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Well, I'm not sure about our bears, but they seem to be a much more timid lot then the bears you guys are describing. We shoot them regularly too, even for minor infractions, such as repeated nocturnal sneak attacks on our garbage cans locked in our garages. So when a bear sees a fella waving a stick with a hotdog on it over a fire, Pavlov's system of conditioned response kicks in; human with stick go bang and kill. Bear goes away. In my neck of the woods in Northern Ontario, the first clue that tells us that you are not from here is if you hang your stuff in a tree. Nobody does that up here, and my Indigenous chums would get quite a chuckle if they saw someone doing that.

However, I'm sure things are different in other places, so I defer to the custom of the country and local experiences.
 
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I researched food protection systems and techniques and am convinced that approved hard sided bear resistant containers are the most effective practical food protection system for my tripping style. I single portage and my trips are about 8 days.

I think capacity is the number one issue people have with approved hard sided containers. I have learned to compact my food so capacity was not a primary issue for me. The transition from soft bag to hard container was easy for me and the resulting peace of mind made it worth the effort.
 

Glenn MacGrady

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Aside from the hanging issue, Jacobson does have a related recommendation that makes sense to me for group paddling in true wilderness: Distribute your food into more than one, if not several, packs and put them all in different locations away from camp. That way, you won't lose all your food if the bear finds and eats one pack, or if you lose one pack in a canoe dump.

I don't see any reason to hang if you are using a truly bear-proof vault or even an Ursack. Just attach it securely to something immovable like a tree so the bear can't move it away while fiddling with it.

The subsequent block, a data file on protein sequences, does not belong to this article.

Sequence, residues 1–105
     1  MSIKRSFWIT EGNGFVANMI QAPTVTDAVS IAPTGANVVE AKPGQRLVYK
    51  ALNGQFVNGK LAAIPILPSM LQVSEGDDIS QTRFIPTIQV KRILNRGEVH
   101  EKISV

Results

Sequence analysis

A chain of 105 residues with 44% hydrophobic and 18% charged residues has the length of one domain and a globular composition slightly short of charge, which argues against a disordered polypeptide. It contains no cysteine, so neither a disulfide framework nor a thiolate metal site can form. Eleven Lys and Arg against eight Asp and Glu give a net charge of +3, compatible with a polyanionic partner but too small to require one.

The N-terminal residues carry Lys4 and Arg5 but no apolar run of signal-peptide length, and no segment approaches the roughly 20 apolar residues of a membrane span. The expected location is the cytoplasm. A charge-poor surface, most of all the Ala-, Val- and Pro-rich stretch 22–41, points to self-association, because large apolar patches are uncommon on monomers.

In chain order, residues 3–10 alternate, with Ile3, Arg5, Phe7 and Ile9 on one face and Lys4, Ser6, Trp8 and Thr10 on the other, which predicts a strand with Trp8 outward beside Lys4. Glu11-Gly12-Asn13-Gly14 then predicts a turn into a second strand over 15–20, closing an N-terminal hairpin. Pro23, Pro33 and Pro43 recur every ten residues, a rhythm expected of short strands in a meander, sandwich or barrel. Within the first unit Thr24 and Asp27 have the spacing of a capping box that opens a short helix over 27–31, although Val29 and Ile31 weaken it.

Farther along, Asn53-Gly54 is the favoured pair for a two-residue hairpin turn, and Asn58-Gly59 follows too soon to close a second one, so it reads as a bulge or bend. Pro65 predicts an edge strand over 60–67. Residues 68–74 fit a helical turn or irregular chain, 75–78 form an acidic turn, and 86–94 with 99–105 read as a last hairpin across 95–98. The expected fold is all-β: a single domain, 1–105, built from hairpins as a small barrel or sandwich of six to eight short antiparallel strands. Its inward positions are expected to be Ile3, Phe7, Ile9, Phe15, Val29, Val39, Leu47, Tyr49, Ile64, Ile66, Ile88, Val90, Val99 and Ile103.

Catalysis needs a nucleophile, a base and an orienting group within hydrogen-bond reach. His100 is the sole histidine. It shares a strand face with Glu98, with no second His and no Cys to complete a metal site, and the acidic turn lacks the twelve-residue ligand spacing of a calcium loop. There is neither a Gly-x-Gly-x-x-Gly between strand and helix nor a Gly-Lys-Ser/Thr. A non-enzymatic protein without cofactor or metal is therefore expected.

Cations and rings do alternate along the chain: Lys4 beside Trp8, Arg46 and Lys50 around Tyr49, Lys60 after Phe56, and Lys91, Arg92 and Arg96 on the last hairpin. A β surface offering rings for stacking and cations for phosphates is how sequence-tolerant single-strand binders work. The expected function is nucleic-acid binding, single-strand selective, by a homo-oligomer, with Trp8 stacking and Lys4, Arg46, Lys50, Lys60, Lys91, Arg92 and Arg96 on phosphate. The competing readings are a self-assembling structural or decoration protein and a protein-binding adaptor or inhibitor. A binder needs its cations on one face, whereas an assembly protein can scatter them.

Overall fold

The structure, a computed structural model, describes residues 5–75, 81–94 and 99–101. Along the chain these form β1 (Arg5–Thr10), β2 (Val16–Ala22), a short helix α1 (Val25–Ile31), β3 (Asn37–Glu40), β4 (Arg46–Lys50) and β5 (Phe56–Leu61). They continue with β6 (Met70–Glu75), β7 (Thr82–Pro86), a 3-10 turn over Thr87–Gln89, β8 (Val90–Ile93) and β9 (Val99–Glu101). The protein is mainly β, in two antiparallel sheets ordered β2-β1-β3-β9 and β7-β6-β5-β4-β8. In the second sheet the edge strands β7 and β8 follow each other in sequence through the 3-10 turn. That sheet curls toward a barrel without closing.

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Mems response holds the key.. The folks in his area shoot them regularly.. The bears in some Provincial Parks do not associate man with getting shot. Neither do the bears in New Jersey( who are outright disrespectful of humans) . If bears are exposed to guns they smarten up. Otherwise they are arrogant little b'''s
 

Glenn MacGrady

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Mems response holds the key.. The folks in his area shoot them regularly..

Yes, and I'm sure that's why native peoples didn't have much trouble with bears in their villages. Any bear that would enter a village was surely met with a large gang of strong, young hunters chasing after them with spears, arrows, knives, tomahawks, rocks, war whoops, and often a bloody death that other bears could hear and smell.
 
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Like Glenn, I use the odor-proof bags and Cliff's stash method. If you put odiferous food in the tree without any odor control you are just inviting a nice long scent trail in any breeze. And of course bears climb trees easier than I can walk. And squirrels live in the trees. Not sure why I'd put my food right in their house.

I take the point that odor-proof bags (or even sealed freeze-dried foods in foil bags) may not prevent a bear from smelling your food if they get within a few feet or yards of it, but the absence of perfection is besides the point. The old joke about not needing to outrun the bear, just outrun your hiking partner? Same goes with odor control. Just make sure your food gives off less odor than the campsite of the guy a couple of miles away.
 
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Well, I'm not sure about our bears, but they seem to be a much more timid lot then the bears you guys are describing. We shoot them regularly too, even for minor infractions, such as repeated nocturnal sneak attacks on our garbage cans locked in our garages. So when a bear sees a fella waving a stick with a hotdog on it over a fire, Pavlov's system of conditioned response kicks in; human with stick go bang and kill. Bear goes away. In my neck of the woods in Northern Ontario, the first clue that tells us that you are not from here is if you hang your stuff in a tree. Nobody does that up here, and my Indigenous chums would get quite a chuckle if they saw someone doing that.

However, I'm sure things are different in other places, so I defer to the custom of the country and local experiences.
Then there's always the idea of stuffing a large, white cat into the food pack....